Don't Write Like You Think...Write Like You Talk

Written by Paula Morrow

The Internet has provided us marketers with an amazing opportunity. It's leveledrepparttar playing field - regardless of your background, you can now pursue a profitable business in your area of interest.

But selling online brings its own set of challenges. One ofrepparttar 108182 most difficult being able to establish a one-on-one, personal customer relationship.

So how to overcomerepparttar 108183 anonymity ofrepparttar 108184 computer screen and create this critical bond?

One ofrepparttar 108185 simplest ways is through your words.

Words are your online ambassadors, so why not have them reflect your personality?

If you're enthusiastic, write enthusiastically! If you're thoughtful, let your words convey this, too.

A great example of someone who does this extremely well is Bob Gatchel, Mr. Internet Cheapskate himself. On his website ( and through his emails, you soon come to feel like you know him personally, that he's your best friend.

How does he do it? By adding emotion, writing in facial expressions and by carefully using capital letters for effect. The end result isrepparttar 108186 representation of a VERY ENTHUSASTIC person.

Which, having seen him at a seminar, he truly is in real life. In his writing, Bob really lets his personality shine through.

You can dorepparttar 108187 same. By writing like you speak (or 'writing in your own voice.')

In school, they try to teach ou 'writing for business.' The pressure was to be 'textbook perfect.' Nothing is further thanrepparttar 108188 truth. Actuallyrepparttar 108189 opposite holds true.

You are attempting to make a connection - one living, breathing human being to another.

[Before going on, I wish to sincerely apologize to Mrs. Williams, my tenth grade English teacher, for what I'm about to recommend...]

When you talk, you break most ofrepparttar 108190 rules. Real people start a sentence with 'and.' You use slang. You combine words - do not becomes don't; you have becomes you've.

Copywriting Successes and Failures: A Comparison Of the Good and Bad

Written by Karon Thackston

by Karon Thackston © 2002

It’s about 7:00am and time to start my day. While my exact routine varies, one ofrepparttar first things I always do is check email. Asrepparttar 108181 flood rolls in, I have my finger poised onrepparttar 108182 delete button… aimed and ready to fire. But then something catches my eye.

On this morning, I decided to take a closer look at one email in particular. That led me to also lend a critical eye to some other ads as well. So below, I’ll give you my evaluation of a few ofrepparttar 108183 many email ads I’ve received… which ones got my attention, which ones I just rolled my eyes at… and why.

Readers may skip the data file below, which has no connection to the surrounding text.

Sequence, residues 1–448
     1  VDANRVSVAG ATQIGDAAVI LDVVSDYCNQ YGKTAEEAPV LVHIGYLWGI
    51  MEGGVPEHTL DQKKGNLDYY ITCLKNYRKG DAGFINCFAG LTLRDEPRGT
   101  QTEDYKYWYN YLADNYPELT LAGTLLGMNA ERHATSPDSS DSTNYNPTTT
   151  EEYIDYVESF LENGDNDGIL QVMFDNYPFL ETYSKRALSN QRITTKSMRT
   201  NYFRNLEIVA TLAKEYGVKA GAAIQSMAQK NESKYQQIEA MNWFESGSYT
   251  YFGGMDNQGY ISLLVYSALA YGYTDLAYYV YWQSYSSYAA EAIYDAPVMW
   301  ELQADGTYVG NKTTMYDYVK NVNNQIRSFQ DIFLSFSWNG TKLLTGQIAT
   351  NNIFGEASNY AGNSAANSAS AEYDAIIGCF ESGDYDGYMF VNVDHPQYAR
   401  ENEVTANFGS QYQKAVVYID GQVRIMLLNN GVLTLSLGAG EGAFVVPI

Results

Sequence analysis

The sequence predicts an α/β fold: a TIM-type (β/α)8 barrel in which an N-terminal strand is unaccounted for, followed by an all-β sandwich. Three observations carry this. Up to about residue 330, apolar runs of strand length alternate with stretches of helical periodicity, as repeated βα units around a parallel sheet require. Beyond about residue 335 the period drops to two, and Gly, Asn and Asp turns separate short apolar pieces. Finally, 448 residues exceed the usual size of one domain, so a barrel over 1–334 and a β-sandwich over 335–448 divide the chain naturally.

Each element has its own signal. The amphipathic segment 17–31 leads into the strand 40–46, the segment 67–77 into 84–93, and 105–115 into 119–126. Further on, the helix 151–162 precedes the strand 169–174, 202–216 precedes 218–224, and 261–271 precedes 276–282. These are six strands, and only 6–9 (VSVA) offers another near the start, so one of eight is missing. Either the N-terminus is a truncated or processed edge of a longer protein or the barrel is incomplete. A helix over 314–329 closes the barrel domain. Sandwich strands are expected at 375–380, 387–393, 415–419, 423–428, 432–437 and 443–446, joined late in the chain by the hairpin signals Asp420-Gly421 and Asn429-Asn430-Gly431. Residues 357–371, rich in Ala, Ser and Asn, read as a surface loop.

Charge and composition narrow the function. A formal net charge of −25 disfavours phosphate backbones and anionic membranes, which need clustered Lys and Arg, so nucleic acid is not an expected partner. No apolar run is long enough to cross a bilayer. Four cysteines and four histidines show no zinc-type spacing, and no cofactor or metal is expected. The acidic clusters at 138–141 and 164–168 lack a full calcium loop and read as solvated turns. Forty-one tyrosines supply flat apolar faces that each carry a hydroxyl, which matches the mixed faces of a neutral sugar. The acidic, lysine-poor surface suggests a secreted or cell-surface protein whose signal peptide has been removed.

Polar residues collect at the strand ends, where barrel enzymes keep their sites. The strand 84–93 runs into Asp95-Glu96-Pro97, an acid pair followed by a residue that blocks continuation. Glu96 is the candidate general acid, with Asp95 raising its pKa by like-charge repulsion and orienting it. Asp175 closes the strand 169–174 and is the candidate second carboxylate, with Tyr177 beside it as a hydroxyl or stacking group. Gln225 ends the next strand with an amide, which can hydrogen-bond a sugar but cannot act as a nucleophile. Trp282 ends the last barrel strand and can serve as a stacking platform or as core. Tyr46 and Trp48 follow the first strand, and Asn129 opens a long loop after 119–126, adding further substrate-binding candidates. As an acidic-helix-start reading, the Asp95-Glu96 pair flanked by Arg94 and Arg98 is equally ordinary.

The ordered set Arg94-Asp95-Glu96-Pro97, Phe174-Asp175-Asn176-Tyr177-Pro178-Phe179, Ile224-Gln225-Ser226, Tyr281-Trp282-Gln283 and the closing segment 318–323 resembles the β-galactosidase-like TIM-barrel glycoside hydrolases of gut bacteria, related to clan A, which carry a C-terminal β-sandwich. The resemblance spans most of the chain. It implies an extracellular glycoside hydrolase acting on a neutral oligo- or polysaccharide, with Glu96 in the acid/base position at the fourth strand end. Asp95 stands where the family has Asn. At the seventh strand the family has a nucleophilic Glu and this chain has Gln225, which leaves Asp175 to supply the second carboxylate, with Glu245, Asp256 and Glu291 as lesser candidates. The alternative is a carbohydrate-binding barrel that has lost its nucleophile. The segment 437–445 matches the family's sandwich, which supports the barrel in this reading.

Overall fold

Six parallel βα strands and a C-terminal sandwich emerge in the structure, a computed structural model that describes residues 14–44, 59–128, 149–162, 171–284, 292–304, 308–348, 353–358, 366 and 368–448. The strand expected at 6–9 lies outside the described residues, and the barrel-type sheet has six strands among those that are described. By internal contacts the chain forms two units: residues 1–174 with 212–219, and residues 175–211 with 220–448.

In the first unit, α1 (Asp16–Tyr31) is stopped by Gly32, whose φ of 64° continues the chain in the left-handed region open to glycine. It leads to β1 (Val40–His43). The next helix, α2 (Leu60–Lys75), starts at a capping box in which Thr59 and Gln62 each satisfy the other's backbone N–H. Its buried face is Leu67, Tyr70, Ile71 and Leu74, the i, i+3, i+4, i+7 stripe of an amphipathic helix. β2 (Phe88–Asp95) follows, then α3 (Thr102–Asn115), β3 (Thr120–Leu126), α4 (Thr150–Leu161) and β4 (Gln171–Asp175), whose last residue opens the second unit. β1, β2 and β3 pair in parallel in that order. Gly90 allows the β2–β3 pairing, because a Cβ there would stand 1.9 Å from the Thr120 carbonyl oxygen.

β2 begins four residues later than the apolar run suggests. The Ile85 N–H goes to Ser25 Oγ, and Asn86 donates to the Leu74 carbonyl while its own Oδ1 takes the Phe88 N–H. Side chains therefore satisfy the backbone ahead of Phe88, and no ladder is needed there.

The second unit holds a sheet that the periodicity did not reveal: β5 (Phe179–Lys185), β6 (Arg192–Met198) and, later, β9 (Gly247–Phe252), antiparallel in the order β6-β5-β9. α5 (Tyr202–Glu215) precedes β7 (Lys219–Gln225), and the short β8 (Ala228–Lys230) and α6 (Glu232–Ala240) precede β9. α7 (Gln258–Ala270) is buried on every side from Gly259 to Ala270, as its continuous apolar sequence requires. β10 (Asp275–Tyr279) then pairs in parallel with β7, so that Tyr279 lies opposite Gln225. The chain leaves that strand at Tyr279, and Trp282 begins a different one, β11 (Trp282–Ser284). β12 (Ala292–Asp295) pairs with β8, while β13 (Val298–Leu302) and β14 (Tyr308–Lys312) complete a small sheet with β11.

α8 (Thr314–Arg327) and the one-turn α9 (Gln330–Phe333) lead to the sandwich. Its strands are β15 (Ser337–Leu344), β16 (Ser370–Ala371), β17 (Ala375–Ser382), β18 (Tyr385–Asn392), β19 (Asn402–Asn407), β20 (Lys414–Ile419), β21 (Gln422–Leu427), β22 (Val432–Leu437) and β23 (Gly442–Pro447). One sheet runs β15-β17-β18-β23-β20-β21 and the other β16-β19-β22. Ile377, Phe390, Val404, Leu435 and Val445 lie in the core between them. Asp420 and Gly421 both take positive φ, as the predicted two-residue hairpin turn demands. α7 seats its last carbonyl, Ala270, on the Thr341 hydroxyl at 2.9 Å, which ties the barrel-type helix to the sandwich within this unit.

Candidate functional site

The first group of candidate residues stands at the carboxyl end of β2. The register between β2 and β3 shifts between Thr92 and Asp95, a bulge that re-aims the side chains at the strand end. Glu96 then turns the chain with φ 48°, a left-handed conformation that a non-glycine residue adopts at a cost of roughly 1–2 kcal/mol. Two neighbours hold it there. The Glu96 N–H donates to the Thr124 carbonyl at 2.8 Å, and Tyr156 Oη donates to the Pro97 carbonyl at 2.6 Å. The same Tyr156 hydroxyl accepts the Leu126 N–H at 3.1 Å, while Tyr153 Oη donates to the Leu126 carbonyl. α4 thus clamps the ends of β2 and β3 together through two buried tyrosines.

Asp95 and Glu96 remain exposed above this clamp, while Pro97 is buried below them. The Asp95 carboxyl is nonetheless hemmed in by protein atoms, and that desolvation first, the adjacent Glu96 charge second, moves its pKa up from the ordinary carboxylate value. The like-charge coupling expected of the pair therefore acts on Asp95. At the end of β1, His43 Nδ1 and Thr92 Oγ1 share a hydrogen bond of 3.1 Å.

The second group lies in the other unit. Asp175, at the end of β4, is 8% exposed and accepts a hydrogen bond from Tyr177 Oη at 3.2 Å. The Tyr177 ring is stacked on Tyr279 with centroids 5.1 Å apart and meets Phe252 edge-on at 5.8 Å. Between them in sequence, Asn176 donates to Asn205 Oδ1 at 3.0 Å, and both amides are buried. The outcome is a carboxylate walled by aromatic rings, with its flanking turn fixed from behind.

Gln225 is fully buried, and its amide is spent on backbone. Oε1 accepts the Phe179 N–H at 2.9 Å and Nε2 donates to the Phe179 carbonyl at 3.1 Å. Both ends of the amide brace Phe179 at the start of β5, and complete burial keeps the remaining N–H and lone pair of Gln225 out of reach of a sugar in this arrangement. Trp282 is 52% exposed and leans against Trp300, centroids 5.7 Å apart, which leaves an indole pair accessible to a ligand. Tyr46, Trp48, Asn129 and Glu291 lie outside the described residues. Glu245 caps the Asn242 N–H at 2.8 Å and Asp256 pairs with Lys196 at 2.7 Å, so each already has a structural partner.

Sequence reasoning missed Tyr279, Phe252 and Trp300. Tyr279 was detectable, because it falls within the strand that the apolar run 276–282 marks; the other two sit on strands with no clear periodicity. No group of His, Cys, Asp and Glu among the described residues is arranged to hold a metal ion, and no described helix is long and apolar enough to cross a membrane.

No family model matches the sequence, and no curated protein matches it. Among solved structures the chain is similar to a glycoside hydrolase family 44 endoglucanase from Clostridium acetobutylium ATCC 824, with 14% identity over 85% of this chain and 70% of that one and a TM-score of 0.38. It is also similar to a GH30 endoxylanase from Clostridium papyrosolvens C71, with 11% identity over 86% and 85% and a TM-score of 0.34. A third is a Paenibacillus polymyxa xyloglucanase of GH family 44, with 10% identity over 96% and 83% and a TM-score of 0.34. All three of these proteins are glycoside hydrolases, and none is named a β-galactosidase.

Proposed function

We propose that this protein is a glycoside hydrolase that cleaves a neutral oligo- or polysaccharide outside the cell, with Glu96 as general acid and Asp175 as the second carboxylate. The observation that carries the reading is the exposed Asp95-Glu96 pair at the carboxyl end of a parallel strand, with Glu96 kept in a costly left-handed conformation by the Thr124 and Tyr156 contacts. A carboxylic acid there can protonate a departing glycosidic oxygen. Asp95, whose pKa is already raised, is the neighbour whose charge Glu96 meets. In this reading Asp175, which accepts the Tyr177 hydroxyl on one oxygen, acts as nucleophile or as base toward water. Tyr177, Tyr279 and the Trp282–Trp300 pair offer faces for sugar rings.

Attention Getter

Here’s one that is well targeted, indeed! The headline read: “Inquiry About Becoming An Affiliate.” That got my attention because my copywriting course does have an affiliate program. I’m always interested in adding new affiliates torepparttar 108184 group. So I read on.

Part ofrepparttar 108185 message is below:


Good morning. I would like to inquire about possibly working with you and your company on an affiliate basis.

My company maintains a fresh, 100%, opt-in email database exceeding 15,000,000 qualified consumers. These consumers have specifically requested to receive purchase information regarding your product(s) or service(s).

If you're interested, I would be glad to speak with you about a cost-per-action (CPA) email campaign that WILL make additional sales and generate alternative revenue.


Whilerepparttar 108186 generic line about my product(s) or service(s) let me know immediately that this was a “canned” ad, it still gave me something to think about. Did I respond? Yes! Why? If I could getrepparttar 108187 copywriting course in front of over 15,000,000, and payrepparttar 108188 same affiliate commission I was paying anyway, what would I have to lose?

Rolling My Eyes

However, amongrepparttar 108189 pile of emails were some real duds. I must get 10 of these ridiculous emails a week. You’ve no doubt seen them, too. They say something like “I joined this program a few months ago and promptly forgot about it.” Oh please!

Why did I roll my eyes at this one? While it started off good, it wasn’t punchy enough to get me to respond right away. That’s no major crime. It often takes repeated exposure ofrepparttar 108190 same message to get a good response. But… when you getrepparttar 108191 exact same message from several different people 3 or 4 times a day – you find out quickly that this is an overused ad, not a personal recommendation.

Cont'd on page 2 ==> © 2005
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